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Olberding, Amy. Community Practices and Getting Good at Bad Emotions
2023, Royal Institute of Philosophy Supplement 93:9-21
Added by: Deryn Mair Thomas

Early Confucian philosophy is remarkable in its attention to everyday social interactions and their power to steer our emotional lives. Their work on the social dimensions of our moral-emotional lives is enormously promising for thinking through our own context and struggles, particularly, I argue, the ways that public rhetoric and practices may steer us away from some emotions it can be important to have, especially negative emotions. Some of our emotions are bad – unpleasant to experience, reflective of dissatisfactions or even heartbreak – but nonetheless quite important to express and, more basically, to feel. Grief is like this, for example. So, too, is disappointment. In this essay, I explore how our current social practices may fail to support expressions of disappointment and thus suppress our ability to feel it well.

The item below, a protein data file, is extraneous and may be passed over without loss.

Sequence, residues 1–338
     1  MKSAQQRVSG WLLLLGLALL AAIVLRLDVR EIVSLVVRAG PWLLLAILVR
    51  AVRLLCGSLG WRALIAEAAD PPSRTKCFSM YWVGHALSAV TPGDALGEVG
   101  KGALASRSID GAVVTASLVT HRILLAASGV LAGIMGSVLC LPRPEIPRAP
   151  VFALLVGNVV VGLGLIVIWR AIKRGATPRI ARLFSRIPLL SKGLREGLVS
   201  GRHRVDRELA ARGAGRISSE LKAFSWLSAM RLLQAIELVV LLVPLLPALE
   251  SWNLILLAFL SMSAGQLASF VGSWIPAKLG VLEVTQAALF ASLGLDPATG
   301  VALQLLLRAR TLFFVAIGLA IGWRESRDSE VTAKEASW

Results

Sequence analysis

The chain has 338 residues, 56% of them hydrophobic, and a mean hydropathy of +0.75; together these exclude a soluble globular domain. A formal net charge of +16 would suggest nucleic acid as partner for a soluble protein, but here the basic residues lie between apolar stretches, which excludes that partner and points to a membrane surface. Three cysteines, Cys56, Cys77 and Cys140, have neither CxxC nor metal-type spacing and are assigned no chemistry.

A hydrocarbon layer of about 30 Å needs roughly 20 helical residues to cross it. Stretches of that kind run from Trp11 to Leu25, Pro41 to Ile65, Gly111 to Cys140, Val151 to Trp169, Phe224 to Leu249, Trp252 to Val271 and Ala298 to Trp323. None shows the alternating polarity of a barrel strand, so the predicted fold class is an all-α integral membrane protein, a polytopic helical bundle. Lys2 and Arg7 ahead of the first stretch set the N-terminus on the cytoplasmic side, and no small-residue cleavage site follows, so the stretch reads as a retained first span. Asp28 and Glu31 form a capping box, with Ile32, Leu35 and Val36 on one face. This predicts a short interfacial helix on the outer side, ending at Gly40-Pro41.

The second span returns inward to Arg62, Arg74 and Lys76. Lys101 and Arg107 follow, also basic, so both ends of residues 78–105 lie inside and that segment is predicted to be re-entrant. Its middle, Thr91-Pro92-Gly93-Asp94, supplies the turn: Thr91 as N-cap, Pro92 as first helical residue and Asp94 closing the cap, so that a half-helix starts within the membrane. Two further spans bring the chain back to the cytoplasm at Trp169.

Comment: This essay explores the ways that society and social culture can either facilitate or inhibit our opportunities to practice feeling, experiencing, and managing bad (or undesirable) emotions, and the problems that might be associated with our failure to do so. In particular, the author focuses on the feelings of grief and dissapointment, highlighting their importance in the context of a full and flourishing life. Without them, we may lose other interpersonal and empathetic skills which allow us to live well with others and approach others in good faith. As such, this essay bears obvious relevance to topic areas such as philosophy of death and Confucian philosophy, but also applies more broadly to questions about the practice of virtue, philosophy of emotions, applied/everday ethics, and the cultivation of pro-social habits.

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